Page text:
Experts call for people to respond calmly by taking necessary steps in advance without fearing them too much.

Late at night on Sept. 3, the website of the Hiroshima National Peace Memorial Hall for the Atomic Bomb Victims became inaccessible.

Shortly after, a group saying it was Anonymous and opposed to dolphin hunting and other issues, posted a statement online claiming responsiblity.

An official at the memorial hall said in bewilderment: “We have nothing to do with dolphin hunting.”

It is believed a series of Anonymous attacks, called Operation Killing Bay, started around 2013 in protest against Japan’s whale hunting and the annual dolphin hunts in Taiji, Wakayama Prefecture, in September.

Last year, to protest against the dolphin hunting in Taiji, distributed denial of service (DDoS) attacks were launched against government offices websites and infrastructure operators such as airports. DDoS attacks are aimed at rendering websites and other online services unavailable by sending a huge amount of data to the server.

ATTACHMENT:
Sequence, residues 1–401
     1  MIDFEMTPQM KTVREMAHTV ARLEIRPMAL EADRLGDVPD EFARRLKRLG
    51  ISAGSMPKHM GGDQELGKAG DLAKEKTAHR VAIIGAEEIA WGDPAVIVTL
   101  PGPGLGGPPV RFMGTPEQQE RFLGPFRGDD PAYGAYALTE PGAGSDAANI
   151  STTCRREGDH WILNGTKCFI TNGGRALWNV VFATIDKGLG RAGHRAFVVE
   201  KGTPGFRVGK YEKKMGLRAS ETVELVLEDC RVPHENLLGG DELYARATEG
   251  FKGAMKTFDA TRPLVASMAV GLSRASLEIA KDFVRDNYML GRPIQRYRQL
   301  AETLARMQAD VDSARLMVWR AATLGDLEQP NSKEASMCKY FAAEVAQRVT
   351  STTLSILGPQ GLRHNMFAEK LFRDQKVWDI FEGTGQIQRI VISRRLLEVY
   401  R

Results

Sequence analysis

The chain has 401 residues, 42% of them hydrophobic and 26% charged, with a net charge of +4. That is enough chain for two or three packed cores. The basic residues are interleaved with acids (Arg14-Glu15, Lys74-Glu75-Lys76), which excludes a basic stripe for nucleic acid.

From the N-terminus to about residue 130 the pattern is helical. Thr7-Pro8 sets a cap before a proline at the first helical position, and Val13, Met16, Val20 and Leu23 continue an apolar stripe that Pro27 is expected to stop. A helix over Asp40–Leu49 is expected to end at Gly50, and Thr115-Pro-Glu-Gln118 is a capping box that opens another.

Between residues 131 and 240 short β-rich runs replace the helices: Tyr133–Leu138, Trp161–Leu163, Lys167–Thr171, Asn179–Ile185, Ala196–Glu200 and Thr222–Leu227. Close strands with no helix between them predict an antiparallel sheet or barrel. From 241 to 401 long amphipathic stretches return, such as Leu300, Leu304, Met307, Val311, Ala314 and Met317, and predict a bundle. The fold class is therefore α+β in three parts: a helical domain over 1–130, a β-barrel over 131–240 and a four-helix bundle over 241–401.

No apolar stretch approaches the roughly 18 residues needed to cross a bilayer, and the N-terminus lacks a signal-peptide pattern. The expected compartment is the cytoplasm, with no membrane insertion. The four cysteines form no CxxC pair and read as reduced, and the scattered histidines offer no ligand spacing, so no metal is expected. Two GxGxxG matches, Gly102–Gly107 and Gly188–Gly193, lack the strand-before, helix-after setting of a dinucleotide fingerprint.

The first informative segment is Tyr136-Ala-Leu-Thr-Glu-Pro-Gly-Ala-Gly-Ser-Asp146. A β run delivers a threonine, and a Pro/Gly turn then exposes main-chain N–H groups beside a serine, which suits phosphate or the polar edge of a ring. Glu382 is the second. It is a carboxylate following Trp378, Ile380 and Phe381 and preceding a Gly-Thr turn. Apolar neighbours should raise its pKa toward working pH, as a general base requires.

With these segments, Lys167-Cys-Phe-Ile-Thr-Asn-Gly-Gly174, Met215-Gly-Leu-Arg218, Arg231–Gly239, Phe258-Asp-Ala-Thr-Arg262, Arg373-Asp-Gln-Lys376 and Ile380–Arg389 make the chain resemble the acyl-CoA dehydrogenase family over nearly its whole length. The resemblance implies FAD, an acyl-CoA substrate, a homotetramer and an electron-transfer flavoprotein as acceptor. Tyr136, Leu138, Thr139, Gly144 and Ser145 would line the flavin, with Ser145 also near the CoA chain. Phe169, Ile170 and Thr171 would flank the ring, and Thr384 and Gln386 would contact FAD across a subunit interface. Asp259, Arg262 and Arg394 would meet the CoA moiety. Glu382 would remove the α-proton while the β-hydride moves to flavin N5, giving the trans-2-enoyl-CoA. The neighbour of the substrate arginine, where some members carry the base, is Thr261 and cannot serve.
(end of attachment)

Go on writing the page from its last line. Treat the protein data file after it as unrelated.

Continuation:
According to police, the number of cyber-attacks Anonymous is believed to be involved in has grown since September. There were no cyber-attack-related website problems from May to August, but 29 incidents were confirmed in September, followed by 26 in October. From Nov. 1 to Nov. 27, there were 53 cases, bringing the total from September to Nov. 27 to 108.

In comparison, incidents ranged between the 10s and 20s each month from September to November last year, but rose to 56 in December.

“Their aim is not to make websites unavailable, but to promote their presence,” said Nobuhiro Tsuji, senior security researcher at SoftBank Technology Corp.

This year, the targets of the attacks have conspicuously been small organizations and shops such as izakaya Japanese pubs, and groups totally unrelated to dolphin hunting.